Western Blot Analysis

The homogenates (50 µg) were analyzed by SDS-PAGE and transferred to nitrocellulose membranes (Trans- blot SD semi-dry transfer cell, Bio Rad) for 1 h at 15 V in transfer buffer (48 mM Trizma, 39 mM glycine, 20 % methanol and 0.25 % SDS). The nitrocellulose membranes were washed for 10min in Tris buffered saline (TBS, 0.5 M NaCl, 20 mM Trizma, pH 7.5), followed by 2 h incubation in blocking solution (TBS plus 5 % defatted dried milk or ambumine bovine). After incubation, the blot was washed twice or 5 min with TBS plus 0.05 % Tween-20 (T-TBS), and then incubated overnight at 4°C in blocking solution containing one of the following antibodies: anti-GFAP (clone G-A-5) diluted 1:500, anti-Vimentin (Vim 13-12) diluted 1:1400. The blot was then washed for 5 min with T-TBS and incubated for 2 h in TBS containing peroxidase conjugated anti-rabbit IgG diluted 1:2000 or peroxidase conjugated anti-mouse IgG diluted 1:2000. In addition, we used the following controls in the antibody experiments: primary antibody only, secondary antibody only and negative controls (lacking the sample containing the antigen of interest). These controls (not show) stated the specificity and sensibility of the antibodies. The blot was washed twice with T-TBS, incubated for 5 min each time and with TBS twice by incubating 5 min each time. The blot was then developed using a chemiluminescence ECL kit and quantified as described above.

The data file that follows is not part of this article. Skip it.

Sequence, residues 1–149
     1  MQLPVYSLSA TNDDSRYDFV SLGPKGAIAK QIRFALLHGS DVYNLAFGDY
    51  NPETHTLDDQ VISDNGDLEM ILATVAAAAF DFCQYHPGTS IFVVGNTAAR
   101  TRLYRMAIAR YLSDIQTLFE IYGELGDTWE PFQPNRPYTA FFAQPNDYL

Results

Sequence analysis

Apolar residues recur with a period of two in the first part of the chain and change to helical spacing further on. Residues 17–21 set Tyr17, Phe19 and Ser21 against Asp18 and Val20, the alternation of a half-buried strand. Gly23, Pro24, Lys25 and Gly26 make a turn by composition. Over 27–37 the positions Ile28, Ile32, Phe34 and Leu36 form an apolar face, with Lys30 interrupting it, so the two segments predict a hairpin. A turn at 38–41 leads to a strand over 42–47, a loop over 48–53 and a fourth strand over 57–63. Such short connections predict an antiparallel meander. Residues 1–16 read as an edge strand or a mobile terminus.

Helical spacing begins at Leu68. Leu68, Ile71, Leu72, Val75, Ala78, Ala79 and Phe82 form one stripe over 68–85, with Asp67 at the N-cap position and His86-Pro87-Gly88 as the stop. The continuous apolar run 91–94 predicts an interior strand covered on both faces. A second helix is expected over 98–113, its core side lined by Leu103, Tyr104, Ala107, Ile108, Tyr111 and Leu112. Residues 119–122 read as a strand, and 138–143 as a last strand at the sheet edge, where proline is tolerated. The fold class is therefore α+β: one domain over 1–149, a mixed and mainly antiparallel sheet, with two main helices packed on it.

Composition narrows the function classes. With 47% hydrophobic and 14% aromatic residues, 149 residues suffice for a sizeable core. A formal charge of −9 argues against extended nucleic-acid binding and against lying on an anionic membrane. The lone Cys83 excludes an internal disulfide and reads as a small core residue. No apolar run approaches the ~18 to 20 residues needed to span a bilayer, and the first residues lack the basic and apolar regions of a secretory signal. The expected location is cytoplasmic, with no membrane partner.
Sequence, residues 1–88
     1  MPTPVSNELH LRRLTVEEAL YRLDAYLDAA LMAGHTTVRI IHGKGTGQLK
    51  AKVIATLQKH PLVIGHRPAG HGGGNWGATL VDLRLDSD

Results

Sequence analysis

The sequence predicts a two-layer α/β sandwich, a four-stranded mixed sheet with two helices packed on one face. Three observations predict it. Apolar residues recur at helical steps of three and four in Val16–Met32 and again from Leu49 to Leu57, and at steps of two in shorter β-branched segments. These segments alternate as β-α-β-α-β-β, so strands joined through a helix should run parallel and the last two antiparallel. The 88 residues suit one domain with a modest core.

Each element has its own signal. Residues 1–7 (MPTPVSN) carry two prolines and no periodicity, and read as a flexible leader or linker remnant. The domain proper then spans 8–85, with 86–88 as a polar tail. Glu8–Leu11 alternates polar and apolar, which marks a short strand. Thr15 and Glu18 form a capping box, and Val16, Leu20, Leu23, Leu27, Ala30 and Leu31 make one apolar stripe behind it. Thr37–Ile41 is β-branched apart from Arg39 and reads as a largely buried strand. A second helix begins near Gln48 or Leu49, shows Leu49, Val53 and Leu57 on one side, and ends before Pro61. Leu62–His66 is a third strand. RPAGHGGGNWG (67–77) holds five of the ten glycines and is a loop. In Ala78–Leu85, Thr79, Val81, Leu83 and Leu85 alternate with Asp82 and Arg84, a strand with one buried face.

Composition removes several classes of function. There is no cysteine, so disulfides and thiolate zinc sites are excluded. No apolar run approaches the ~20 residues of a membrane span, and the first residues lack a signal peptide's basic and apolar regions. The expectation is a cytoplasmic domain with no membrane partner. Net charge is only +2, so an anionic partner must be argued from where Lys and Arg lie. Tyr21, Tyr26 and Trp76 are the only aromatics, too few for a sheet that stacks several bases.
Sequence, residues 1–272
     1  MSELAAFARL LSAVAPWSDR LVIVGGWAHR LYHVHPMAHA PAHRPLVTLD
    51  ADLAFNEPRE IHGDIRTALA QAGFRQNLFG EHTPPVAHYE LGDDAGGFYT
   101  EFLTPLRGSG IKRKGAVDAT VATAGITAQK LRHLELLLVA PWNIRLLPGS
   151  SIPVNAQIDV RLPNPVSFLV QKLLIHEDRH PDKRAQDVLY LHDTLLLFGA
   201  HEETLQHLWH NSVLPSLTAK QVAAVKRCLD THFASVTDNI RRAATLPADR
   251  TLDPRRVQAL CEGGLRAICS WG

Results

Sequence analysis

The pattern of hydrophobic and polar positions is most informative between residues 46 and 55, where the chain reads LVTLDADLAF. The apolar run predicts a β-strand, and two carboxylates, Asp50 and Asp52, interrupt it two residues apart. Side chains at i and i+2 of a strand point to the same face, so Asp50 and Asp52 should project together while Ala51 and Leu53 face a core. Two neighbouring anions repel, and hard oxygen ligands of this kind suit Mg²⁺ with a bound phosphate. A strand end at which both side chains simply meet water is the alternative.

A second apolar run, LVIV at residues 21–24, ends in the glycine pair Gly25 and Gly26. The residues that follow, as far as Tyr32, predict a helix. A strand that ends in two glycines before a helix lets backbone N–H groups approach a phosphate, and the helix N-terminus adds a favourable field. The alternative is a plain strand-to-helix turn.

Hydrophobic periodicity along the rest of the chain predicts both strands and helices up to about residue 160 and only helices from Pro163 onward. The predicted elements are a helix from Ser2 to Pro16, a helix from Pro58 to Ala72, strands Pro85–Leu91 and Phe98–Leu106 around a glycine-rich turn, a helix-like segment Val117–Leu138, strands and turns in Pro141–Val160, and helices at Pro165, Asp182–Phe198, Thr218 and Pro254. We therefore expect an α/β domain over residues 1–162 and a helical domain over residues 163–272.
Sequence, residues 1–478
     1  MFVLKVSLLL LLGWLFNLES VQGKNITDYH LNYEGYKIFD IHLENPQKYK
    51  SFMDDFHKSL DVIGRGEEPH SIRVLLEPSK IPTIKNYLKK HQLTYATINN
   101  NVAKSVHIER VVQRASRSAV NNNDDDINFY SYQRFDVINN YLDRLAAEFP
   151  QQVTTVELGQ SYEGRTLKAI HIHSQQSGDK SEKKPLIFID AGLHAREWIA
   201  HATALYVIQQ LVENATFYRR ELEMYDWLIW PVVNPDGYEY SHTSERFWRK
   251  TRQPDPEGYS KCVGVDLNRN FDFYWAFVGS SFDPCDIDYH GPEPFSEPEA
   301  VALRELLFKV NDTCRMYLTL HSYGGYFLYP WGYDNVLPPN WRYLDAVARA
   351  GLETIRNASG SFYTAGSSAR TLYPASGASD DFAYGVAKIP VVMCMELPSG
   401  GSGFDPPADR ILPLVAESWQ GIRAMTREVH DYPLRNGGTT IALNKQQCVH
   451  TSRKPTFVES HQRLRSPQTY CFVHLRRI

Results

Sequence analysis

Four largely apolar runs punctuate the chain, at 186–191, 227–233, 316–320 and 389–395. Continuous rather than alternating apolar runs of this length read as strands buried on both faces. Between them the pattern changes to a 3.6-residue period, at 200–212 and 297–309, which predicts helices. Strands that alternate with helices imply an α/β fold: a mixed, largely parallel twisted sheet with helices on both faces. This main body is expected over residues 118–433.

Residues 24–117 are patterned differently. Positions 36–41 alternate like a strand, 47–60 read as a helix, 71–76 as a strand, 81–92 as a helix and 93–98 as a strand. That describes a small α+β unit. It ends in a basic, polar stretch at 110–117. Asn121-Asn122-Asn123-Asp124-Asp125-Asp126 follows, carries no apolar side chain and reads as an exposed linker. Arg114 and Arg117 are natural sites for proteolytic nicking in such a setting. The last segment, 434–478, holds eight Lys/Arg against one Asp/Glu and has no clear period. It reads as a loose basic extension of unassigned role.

Statistical Analysis

Data was statistically analyzed by one-way analysis of variance (ANOVA) followed by the Tukey-Kramer multiple comparison test when the ƒ-test was significant and necessary. All analyses were performed using the SPSS software program on an IBM-PC compatible computer.

 

Results